Ride-sharing services like Uber and Lyft may dominate today's headlines, but the next auto revolution looks to be even more transformative, with scientists predicting truly huge environmental benefits when self-driving cars like those developed by Google hit the streets en masse.
Researchers from the Berkeley Lab in the US say the kinds of lightweight electric vehicles that will be used for driverless cars by 2030 will offer outstanding benefits in terms of cost efficiency, while slashing global greenhouse emissions by as much as 90 percent. It almost sounds too good to be true, but the findings, published this week in Nature Climate Change, are firmly rooted in science.
According to their analysis, per-kilometre emissions of a 2030 driverless electric vehicle will be 90 percent lower than a 2014 model gasoline-powered private vehicle. And even if the car market goes fully hybrid in the years to come, a driverless taxi in 2030 would still be massively more power-efficient than a privately owned hybrid car in the same year, with greenhouse gas emissions in the range of 63 to 82 percent lower.
The numbers might seem fantastic, but they start to add up when you look at how grossly inefficient our current use of most vehicles on the road is.
First up is vehicle size. Nearly every car on the market seats at least five people (not counting niche categories like two-seater sports cars, or microcars like the Smart range, even though most of the time only one person is in the vehicle. People like the idea of car-pooling, but few actually commit to it, leading to a situation where large and mostly empty cars - guzzling more gasoline than needs to be guzzled - do the majority of people moving.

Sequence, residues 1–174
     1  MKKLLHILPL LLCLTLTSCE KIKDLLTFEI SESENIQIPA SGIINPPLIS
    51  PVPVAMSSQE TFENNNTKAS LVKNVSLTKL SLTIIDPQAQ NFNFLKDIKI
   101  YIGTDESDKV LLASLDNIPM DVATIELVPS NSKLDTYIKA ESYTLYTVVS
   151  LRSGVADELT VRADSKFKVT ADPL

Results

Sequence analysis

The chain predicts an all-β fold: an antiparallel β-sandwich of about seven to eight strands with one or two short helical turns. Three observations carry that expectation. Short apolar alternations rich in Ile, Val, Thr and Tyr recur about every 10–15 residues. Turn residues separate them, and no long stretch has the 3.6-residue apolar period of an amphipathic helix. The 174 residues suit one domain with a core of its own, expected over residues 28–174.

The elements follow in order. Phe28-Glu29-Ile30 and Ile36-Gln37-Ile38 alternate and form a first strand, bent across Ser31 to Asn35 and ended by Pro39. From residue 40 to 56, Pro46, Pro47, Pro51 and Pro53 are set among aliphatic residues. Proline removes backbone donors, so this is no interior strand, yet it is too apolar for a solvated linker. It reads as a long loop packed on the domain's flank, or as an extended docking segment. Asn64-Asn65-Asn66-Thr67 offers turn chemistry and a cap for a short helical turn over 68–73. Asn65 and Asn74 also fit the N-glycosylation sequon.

Add in that people buy cars partly for emotional and aesthetic reasons (in addition to practical considerations, of course) and you end up with lots of big, chunky vehicles that few people actually need. We've all heard the one about the guy who buys an SUV and never takes it out of the neatly maintained laneways of the city? That.
In contrast, the researcher's calculated savings are based on the notion of 'right sizing', where the size of the driverless vehicle you hop into is perfectly suited to your needs for that journey (ie. if you're the sole passenger, a one-seater will suffice, or perhaps a two-seater if you need extra space for things like luggage or shopping).
But right-sizing is only half of the solution. To arrive at the Berkeley Lab's calculated emissions figures, you've also got to take into account projections on what future electricity generation will look like. By 2030, power plants are expected to be using more renewable energy sources and emitting less pollution (at least, that's the idea, right?), subsequently producing less greenhouse emissions - which the researchers took into account in their calculations.
And the best bit? There's a whole host of other efficiencies and innovations that driverless cars are set to deliver, such as 'platooning' - autonomous vehicles driving closely behind one another to cut wind resistance, much like slipstreaming cyclists - optimal route navigation, and better acceleration/braking.
"These are all incremental, but they do add up," said Jeffery Greenblatt, a co-author of the study. "However, we didn't even include these effects in our baseline results, and we still get huge savings without them."